Warren Buffett's investing savvy through his holding company Berkshire Hathaway (BRK.A -0.06%) (BRK.B -0.11%) has made more millionaires than almost every other company in history. For instance, a $1,000 investment made in the stock when Buffett stepped in as CEO in 1965 would now be worth $18 million.
Though Buffett's investing objectives may not perfectly align with yours, it's still worth tracking his portfolio because of his record for picking long-term winners. Here are five stocks from the Oracle of Omaha's portfolio that you should consider buying and holding forever.
The first stock in Berkshire Hathaway's portfolio to buy is the pharma stock AbbVie (ABBV -0.85%), with Berkshire's stake in AbbVie currently valued at $2 billion. AbbVie's dividend yield of 4% is triple the S&P 500's 1.3%.
And based on AbbVie's dividend payout ratio of 40.9% last year, the company has plenty of room to continue upping its dividend. That explains why the most recent dividend increase was a robust 8.5%.
Even with its top-selling drug in the world called Humira set to face biosimilar competition in the U.S. starting next year, AbbVie should be fine. That's because AbbVie has several dozen indications in its pipeline at various stages of development. Recent approvals like Rinvoq's eczema indication in the U.S. should help AbbVie to quickly bounce back from Humira's U.S. patent expiration while earlier-stage drugs in development should secure the company's long-term future.
This helps to explain why analysts expect AbbVie will produce a 5% annual earnings growth over the next five years. And at a forward price-to-earnings (P/E) ratio of 11.8, the stock is a solid value pick. This is despite the fact that the general drug manufacturer industry average forward P/E ratio is 10.6. AbbVie's track record justifies a slightly higher valuation multiple compared to its industry.
2. Bristol Myers Squibb
The next Buffett stock to think about purchasing is pharma stock Bristol Myers Squibb (BMY 0.56%). Berkshire Hathaway's position in Bristol Myers Squibb is worth $1.4 billion.
Bristol Myers Squibb's dividend yield is an enticing 3.2%. Given the company's 26.1% dividend payout ratio last year, there is tons of flexibility to keep growing the dividend. That's probably why the company recently hiked its quarterly dividend 10.2% to $0.54 per share.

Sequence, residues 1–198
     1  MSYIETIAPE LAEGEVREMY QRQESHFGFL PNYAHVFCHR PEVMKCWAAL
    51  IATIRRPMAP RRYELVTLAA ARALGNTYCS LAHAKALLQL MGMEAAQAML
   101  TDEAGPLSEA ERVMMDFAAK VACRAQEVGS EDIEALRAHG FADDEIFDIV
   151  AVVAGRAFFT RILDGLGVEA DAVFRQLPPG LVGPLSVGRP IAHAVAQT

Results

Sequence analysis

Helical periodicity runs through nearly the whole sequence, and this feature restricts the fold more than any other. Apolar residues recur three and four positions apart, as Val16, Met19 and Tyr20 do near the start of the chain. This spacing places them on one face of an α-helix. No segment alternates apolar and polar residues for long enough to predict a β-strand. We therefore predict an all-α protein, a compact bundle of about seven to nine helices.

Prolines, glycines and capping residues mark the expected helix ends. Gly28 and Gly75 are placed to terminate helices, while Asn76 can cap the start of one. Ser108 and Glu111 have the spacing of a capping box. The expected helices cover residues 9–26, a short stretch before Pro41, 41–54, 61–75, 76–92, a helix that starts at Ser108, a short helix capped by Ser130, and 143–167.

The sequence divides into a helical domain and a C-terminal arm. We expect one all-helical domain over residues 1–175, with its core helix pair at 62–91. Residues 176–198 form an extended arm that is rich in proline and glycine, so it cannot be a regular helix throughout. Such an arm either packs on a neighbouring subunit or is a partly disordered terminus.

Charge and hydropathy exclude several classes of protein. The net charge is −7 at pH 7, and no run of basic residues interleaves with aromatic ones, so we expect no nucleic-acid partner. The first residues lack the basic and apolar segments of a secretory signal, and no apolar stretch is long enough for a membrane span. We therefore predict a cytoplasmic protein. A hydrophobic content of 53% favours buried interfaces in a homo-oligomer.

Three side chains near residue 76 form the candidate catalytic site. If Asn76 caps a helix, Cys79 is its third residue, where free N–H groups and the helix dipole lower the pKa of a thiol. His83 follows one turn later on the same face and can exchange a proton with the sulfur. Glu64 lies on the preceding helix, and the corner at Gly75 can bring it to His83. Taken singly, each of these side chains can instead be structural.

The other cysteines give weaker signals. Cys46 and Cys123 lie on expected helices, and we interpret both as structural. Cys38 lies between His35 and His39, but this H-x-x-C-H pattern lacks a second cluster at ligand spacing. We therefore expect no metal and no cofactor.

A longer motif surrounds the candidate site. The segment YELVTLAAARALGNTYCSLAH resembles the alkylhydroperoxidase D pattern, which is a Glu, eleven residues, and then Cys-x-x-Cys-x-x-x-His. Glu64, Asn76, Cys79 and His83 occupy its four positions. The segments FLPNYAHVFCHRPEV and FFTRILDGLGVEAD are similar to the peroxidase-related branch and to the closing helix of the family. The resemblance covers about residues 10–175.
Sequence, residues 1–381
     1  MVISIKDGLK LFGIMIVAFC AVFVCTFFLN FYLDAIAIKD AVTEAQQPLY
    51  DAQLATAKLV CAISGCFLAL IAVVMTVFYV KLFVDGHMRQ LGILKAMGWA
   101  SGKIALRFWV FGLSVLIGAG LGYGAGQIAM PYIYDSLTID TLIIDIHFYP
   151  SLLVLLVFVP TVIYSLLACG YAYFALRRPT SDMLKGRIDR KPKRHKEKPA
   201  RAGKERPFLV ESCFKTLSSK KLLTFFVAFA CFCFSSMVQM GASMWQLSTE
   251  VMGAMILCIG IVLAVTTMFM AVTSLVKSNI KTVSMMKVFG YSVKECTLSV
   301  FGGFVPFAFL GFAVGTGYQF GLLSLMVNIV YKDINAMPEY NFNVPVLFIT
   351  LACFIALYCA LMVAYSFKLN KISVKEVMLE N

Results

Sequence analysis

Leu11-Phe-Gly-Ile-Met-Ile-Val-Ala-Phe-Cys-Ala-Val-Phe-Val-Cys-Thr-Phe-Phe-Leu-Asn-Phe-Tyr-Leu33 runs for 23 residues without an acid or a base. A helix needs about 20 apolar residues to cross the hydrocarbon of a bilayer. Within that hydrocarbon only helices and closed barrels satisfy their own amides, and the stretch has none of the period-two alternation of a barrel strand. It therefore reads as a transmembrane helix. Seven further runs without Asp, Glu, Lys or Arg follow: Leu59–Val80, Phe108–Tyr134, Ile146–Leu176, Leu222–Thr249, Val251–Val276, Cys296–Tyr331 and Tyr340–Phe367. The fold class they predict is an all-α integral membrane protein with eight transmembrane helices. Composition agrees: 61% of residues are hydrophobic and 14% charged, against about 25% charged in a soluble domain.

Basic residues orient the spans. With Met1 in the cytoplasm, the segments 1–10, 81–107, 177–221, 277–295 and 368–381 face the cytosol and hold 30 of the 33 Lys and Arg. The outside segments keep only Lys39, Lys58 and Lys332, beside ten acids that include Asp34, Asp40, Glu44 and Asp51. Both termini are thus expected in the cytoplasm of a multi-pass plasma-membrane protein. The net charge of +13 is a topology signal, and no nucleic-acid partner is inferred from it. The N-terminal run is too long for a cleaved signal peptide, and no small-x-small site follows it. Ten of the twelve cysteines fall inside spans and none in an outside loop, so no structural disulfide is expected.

Despite each of its top three selling drugs set to have patents expire sometime this decade (Revlimid, Opdivo, and Eliquis), Bristol Myers Squibb is well prepared. This is evidenced by the 50+ compounds that it currently has under development.
At a forward P/E ratio of 8.1, the risks of Bristol Myers Squibb's upcoming patent expirations look to be more than priced in at this time. That's because this is well below the general drug manufacturer industry average of 10.6. This creates an attractive buying opportunity for income and value investors.
The third stock in Berkshire Hathaway's portfolio to consider buying is the payments processing stock Visa (V 0.60%), with Berkshire's stake in Visa valued at $2.2 billion. Visa's 0.7% dividend yield is approximately half of the S&P 500's yield. But with a payout ratio of 21.7% in its previous fiscal year, there appear to be many years of dividend growth in Visa's future. The most recent 17.5% dividend increase supports this argument.
Visa looks positioned to come out of the COVID-19 pandemic stronger than ever. According to research released last year, 59% of North Americans and Europeans tried a new payment method in the last 12 months. Visa has the size and scale to expand into the payment methods of the future, which is why analysts anticipate the company will deliver 18% annual earnings growth in the next five years.
At the current $228 share price, Visa is priced at a forward P/E ratio of 26.5. While this is well above the credit services industry average of 15.6, this premium is deserved because Visa doesn't carry the credit risk of its peers. This is an appealing price to pay for the stock's growth prospects over the long haul.
Another Buffett stock to contemplate purchasing is the payments processing stock Mastercard (MA 0.80%). Berkshire Hathaway's position in the stock is worth $1.6 billion. Mastercard's 0.5% dividend yield isn't going to turn any heads, but it's still about as much as a high-yield savings account offers. Given that Mastercard's dividend payout ratio was 21% last year, the stock's dividend should grow like a weed. Mastercard's recent 11.4% payout increase is proof of this argument.
And just like Visa, Mastercard should benefit from recent interest in new payment methods. That spells out why analysts are forecasting 25% annual earnings growth through the next five years. The superior growth to Visa arguably justifies the higher forward P/E ratio of 29. And like Visa, Mastercard doesn't extend credit to customers, which translates into a lower-risk business model and makes it a great buy for growth investors.
The fifth stock in Berkshire Hathaway's portfolio to ponder buying is the telecom stock Verizon (VZ 0.49%), with Berkshire's stake in Verizon valued at $8.4 billion. Verizon yields a massive 4.8% at the current share price. And investors can count on the payout to continue growing because the company's payout ratio last year was 46.8%.
This low payout ratio leaves Verizon with the capital necessary to roll out 5G in the markets that don't yet have the next generation of wireless communications. As a result, analysts are expecting Verizon will produce a 4% earnings growth each year over the next five years. Since Verizon is trading at a current P/E ratio of less than 10, the stock looks to be an appealing value and income play. Income investors looking for a slow and steady grower would do well to consider buying Verizon.